"Indispensable for all institutions offering Russian courses."--Choice
"...a book that will appeal to a broad readership, since it adeptly addresses both scholarly and practical concerns. In addition to its obvious appeal for linguists, the update on current language usage will be of interest to both native and non-native speakers. Since the book addresses many questions that arise in language classes, it will also be a valuable reference for language teachers."--Slavic and East European Journal
From the Back Cover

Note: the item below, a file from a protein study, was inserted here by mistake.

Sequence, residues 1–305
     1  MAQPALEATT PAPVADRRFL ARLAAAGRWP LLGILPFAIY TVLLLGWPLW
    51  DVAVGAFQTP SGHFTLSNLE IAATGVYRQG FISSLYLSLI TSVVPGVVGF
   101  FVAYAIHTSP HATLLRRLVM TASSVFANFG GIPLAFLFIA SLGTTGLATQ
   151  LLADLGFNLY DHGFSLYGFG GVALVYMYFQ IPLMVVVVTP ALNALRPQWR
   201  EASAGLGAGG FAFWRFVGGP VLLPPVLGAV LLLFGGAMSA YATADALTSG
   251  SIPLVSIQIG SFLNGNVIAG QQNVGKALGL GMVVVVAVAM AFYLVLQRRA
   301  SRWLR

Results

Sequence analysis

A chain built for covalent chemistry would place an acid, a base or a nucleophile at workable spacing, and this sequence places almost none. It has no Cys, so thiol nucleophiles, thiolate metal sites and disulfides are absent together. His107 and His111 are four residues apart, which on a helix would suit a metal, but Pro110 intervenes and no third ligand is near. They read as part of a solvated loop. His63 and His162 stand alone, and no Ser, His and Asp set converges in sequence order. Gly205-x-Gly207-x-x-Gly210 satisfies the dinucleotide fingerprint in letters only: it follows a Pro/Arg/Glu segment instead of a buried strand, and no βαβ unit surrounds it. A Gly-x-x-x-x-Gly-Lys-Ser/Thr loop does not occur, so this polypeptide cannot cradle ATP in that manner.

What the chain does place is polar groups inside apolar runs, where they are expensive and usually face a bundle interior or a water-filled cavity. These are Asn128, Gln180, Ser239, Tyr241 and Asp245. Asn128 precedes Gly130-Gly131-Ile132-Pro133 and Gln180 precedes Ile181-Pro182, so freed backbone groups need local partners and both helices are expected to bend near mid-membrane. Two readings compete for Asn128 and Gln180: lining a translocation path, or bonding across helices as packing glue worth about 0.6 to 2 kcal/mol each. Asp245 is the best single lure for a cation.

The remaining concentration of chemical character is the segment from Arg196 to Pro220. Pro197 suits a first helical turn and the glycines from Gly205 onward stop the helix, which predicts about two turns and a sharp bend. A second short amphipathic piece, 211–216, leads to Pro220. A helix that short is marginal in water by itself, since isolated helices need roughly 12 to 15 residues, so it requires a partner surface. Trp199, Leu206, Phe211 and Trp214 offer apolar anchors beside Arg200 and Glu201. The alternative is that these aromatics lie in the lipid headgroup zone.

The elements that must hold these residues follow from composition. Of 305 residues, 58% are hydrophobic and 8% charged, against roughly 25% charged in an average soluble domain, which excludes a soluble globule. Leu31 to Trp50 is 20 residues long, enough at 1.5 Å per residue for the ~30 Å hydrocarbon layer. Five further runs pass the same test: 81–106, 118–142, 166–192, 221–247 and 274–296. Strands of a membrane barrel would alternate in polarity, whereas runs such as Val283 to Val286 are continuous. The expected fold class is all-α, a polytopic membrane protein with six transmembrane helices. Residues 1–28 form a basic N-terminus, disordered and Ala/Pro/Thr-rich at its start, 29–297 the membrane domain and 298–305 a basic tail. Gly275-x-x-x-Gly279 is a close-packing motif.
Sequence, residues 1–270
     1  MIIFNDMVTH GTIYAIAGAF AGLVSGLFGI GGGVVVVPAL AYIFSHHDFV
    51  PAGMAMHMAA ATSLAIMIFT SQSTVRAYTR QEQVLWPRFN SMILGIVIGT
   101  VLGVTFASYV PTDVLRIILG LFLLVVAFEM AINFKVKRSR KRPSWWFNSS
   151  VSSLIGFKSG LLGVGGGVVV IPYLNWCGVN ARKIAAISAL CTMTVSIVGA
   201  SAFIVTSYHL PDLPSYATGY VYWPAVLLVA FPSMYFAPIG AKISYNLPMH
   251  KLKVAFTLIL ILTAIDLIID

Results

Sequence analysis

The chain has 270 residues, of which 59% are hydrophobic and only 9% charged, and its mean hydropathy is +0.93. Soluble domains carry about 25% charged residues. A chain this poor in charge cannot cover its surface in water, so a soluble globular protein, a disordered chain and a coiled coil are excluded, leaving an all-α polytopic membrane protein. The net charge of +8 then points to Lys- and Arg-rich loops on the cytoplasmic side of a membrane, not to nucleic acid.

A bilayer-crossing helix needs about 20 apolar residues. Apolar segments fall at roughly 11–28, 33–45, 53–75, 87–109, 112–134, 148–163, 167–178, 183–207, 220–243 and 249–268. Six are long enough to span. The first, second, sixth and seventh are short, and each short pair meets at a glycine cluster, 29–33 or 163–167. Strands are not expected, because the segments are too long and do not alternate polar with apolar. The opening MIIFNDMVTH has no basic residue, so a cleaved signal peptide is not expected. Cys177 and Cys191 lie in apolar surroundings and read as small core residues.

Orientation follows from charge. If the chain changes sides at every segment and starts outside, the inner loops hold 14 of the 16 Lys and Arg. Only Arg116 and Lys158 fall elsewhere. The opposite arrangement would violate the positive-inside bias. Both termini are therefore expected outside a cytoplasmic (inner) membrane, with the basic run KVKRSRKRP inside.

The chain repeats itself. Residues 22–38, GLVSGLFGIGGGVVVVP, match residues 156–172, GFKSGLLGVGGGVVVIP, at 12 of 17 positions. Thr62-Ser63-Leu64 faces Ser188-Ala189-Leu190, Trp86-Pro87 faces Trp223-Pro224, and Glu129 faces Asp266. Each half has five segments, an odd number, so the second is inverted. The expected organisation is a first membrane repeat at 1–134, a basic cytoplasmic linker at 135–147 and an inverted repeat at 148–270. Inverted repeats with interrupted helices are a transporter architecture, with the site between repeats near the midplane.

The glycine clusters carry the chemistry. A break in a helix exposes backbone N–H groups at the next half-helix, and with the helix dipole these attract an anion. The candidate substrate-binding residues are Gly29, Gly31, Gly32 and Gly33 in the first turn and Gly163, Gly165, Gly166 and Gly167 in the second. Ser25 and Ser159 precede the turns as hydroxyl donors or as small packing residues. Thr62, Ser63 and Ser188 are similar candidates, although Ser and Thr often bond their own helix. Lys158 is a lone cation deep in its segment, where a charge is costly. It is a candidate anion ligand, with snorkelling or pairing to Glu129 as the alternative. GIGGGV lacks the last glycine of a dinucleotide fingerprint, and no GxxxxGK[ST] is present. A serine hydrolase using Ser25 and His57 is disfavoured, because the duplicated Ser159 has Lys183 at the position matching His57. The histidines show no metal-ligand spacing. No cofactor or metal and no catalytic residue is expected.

Bernard Comrie and Gerald Stone's The Russian Language Since the Revolution (OUP, 1978) provided a comprehensive account of the way Russian changed in the period between 1917 and the 1970s. In this new volume the authors, joined by Maria Polinsky, extend the time frame back to 1900 and forward to glasnost in the mid-1980s. They first consider changes in the pronunciation, morphology, syntax, and vocabulary of the language and then examine the effects of social change on the language in chapters on the changing status of women, modes of address, speech etiquette, and orthography. They show that changes in all these areas have been substantial, and explore the extent to which the standard language, as portrayed in dictionaries and grammars, coincides with the actual usage - both spoken and written - of educated Russians. The book will be of interest not only to students of Russian but more generally to sociolinguists and those with an interest in language change.